In order to prevail against the multitude of worthwhile ideas vying for funding, Vogt must solve a variety of administrative and political problems—in addition to hurdling the technological barriers involved in building detectors vastly more sensitive than anything yet in existence.
His goal is to construct two observatories—one at Edwards Air Force Base in the Mojave desert, the other at an undetermined eastern site. The pair would be able to identify waves and begin to probe their origin and characteristics. But to pinpoint black holes and other sources of gravitational radiation, LIGO backers are counting on efforts to construct similar detectors in Europe and Japan. So one of Vogt's major chores will be to align researchers from at least six countries now working on gravity wave detection into a more coordinated effort.
But perhaps the greatest challenge will be to ease the competition between the two U.S. institutions involved. Vogt took a step toward that end by choosing a single technological approach—but he points out that a strong history of rivalry between the two groups remains. "We cannot afford to allow silly competitions and duplications," Vogt asserts. "That's not an easy task, to shape these two teams that used to compete into one single unit. But if we fail, the project will be dead for a generation."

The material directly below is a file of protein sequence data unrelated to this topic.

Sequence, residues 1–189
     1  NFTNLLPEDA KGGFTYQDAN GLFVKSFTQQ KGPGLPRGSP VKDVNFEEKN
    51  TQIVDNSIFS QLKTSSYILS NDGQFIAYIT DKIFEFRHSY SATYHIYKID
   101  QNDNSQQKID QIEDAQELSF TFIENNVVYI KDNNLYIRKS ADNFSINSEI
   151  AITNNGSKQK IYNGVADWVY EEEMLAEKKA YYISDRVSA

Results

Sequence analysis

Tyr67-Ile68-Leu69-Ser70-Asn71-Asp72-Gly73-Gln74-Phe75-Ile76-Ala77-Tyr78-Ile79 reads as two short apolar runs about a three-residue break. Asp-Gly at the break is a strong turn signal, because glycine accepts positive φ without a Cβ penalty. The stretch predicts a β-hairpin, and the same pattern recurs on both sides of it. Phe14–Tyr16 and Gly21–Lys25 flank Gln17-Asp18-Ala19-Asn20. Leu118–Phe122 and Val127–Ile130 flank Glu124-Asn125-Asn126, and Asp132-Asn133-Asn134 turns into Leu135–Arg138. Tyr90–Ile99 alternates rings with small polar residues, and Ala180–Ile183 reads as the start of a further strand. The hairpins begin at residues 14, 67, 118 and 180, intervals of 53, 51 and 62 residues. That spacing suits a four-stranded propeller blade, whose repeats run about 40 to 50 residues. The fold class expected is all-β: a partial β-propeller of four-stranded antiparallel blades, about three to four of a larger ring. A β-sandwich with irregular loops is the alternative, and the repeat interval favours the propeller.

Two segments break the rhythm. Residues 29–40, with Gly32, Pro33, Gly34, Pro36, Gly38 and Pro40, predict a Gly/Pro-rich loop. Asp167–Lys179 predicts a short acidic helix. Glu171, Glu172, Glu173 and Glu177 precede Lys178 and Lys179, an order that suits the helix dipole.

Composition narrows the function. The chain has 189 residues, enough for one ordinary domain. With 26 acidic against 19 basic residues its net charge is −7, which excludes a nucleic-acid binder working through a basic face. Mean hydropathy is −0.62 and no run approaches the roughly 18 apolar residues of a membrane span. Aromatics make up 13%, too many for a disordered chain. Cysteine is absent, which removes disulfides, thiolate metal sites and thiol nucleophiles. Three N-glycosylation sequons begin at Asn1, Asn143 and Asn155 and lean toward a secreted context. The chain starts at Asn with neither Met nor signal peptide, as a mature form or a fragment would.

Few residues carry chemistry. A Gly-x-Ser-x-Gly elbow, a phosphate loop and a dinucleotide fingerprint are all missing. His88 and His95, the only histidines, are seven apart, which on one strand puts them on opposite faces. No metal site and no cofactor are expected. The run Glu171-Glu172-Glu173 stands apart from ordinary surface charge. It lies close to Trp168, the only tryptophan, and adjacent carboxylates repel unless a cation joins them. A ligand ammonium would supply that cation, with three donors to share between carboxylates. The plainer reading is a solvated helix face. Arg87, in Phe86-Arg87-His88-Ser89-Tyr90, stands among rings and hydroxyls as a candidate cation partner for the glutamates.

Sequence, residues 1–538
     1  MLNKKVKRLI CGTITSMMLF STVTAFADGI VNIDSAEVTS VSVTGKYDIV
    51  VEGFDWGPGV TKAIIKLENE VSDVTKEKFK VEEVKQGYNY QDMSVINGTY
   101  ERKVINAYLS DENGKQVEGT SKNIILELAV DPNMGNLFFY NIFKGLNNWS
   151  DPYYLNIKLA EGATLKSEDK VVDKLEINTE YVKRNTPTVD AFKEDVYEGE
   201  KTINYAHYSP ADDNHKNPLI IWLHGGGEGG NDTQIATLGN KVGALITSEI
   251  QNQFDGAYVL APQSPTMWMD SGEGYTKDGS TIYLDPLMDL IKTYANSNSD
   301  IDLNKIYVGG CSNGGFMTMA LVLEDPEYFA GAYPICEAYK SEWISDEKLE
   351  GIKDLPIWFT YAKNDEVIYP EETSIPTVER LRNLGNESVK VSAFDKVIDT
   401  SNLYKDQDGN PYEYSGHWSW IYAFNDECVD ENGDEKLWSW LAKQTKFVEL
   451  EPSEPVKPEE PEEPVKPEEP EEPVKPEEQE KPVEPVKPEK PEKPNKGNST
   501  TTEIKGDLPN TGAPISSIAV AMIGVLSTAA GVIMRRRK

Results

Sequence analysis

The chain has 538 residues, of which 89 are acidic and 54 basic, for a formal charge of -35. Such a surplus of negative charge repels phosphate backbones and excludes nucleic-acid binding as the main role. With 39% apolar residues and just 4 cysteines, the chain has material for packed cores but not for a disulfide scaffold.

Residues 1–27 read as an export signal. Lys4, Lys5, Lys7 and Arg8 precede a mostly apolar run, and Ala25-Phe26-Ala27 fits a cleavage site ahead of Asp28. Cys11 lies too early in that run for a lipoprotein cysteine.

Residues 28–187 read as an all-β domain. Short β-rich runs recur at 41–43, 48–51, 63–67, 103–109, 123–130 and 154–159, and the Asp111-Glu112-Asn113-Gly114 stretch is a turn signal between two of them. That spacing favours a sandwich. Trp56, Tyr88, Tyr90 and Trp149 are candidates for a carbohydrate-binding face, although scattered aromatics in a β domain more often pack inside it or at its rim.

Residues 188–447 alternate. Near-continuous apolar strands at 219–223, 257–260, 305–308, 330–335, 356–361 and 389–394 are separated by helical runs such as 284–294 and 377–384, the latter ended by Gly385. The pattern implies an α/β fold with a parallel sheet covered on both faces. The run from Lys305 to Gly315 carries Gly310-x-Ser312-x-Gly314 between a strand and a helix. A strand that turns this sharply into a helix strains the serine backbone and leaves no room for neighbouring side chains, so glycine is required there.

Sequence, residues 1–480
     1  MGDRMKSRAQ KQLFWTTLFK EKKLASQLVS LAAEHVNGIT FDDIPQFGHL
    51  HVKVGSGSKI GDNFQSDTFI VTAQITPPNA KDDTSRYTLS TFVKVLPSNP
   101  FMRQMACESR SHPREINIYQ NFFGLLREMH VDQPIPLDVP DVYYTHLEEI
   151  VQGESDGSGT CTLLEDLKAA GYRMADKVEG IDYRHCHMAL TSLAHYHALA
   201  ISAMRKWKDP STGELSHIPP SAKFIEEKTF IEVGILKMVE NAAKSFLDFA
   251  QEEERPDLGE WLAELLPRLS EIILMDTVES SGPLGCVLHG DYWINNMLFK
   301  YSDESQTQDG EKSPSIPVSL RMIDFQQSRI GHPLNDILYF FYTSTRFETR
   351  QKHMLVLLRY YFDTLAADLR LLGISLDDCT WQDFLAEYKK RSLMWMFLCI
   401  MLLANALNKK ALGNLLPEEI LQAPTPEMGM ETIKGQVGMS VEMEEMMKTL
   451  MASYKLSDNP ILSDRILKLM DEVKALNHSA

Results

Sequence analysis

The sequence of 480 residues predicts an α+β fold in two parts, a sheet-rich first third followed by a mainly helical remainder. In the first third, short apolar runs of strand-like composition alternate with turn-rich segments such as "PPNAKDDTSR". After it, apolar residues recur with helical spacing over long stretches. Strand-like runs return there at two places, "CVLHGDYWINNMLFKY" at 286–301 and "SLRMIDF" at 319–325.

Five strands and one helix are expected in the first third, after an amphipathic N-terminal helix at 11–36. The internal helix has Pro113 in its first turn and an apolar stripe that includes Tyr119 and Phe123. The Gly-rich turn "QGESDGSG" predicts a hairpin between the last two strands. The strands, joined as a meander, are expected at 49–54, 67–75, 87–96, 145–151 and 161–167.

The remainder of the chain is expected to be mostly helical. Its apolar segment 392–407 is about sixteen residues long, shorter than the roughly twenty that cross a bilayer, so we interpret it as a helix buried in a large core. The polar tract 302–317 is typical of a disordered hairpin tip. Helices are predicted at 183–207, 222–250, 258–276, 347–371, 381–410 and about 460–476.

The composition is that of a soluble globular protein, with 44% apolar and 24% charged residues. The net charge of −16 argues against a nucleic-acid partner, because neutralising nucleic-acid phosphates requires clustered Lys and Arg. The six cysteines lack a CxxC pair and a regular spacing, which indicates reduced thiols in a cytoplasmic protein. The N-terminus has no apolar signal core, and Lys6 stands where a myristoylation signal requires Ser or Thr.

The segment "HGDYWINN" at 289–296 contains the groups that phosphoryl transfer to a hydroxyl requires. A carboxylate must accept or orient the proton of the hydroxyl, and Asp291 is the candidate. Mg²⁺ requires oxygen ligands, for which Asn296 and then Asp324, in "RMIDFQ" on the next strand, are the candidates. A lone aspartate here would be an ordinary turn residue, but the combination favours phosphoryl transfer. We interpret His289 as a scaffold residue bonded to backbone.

For his part, Rainer Weiss is acutely aware that the venture is larger than any of its scientists' egos. He would clearly like a bigger role in the project, but accepts the way the chips have fallen. "I want this real bad," Weiss confesses, rubbing a hand through his salt-and-pepper hair. "I'll do anything to make it work."
A bevy of tasks has been divided between the two groups. So, for example, while the Caltech team works with the greater detection sensitivity of its longer, 40-meter prototype, Weiss' group dutifully uses the wider tubes of its five-meter experimental detector to test larger, more complex equipment.
Even in his new, reduced role, Weiss is eagerly awaiting the first results from the project. "When you open a field up because you have a new instrument, you're bound to discover something you've never even thought about," he notes. "And I think that's the joy of the damn thing." Not to mention a chance to see God.